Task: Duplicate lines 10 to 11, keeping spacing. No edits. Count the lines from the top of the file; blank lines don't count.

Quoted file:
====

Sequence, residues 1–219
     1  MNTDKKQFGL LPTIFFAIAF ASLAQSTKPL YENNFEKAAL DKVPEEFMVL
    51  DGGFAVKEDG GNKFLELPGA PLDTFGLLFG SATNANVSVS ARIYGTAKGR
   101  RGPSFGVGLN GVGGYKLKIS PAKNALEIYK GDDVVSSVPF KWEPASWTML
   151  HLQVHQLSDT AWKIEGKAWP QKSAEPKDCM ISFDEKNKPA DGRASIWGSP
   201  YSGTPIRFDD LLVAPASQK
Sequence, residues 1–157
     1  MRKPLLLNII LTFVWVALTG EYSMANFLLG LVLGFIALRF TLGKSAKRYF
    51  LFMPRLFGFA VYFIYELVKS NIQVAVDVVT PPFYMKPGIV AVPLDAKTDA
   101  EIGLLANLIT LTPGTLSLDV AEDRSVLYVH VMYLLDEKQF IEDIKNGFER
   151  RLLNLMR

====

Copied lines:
   101  EIGLLANLIT LTPGTLSLDV AEDRSVLYVH VMYLLDEKQF IEDIKNGFER
   151  RLLNLMR